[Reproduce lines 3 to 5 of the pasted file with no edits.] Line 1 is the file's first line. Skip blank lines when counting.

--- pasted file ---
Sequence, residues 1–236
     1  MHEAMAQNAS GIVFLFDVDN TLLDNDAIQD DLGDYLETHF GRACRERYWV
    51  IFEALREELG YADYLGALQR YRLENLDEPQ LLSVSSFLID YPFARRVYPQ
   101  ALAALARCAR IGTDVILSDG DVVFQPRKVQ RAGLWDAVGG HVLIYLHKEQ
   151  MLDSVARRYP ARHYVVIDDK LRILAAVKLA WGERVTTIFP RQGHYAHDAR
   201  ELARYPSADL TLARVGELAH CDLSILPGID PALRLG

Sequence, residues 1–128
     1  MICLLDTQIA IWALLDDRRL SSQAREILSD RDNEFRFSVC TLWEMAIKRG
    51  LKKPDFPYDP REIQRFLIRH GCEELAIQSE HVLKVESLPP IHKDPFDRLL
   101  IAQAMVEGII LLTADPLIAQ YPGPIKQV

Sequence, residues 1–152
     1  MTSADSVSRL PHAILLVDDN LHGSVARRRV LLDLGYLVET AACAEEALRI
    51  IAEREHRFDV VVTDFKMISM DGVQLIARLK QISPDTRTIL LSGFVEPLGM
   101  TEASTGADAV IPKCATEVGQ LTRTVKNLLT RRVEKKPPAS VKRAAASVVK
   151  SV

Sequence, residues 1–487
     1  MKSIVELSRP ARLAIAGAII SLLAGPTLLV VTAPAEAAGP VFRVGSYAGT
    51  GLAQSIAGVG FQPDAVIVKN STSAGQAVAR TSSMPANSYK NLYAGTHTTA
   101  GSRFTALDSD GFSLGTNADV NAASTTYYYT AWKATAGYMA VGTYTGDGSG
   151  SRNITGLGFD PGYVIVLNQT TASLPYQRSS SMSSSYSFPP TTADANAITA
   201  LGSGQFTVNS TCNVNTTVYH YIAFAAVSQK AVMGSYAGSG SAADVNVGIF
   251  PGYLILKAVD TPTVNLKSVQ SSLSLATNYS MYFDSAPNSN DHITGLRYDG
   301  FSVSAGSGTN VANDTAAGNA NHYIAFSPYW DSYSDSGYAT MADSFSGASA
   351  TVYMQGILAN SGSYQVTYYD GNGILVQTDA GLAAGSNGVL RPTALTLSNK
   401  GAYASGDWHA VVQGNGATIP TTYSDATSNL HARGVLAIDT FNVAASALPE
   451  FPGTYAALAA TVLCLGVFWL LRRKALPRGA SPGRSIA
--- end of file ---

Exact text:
    51  IFEALREELG YADYLGALQR YRLENLDEPQ LLSVSSFLID YPFARRVYPQ
   101  ALAALARCAR IGTDVILSDG DVVFQPRKVQ RAGLWDAVGG HVLIYLHKEQ
   151  MLDSVARRYP ARHYVVIDDK LRILAAVKLA WGERVTTIFP RQGHYAHDAR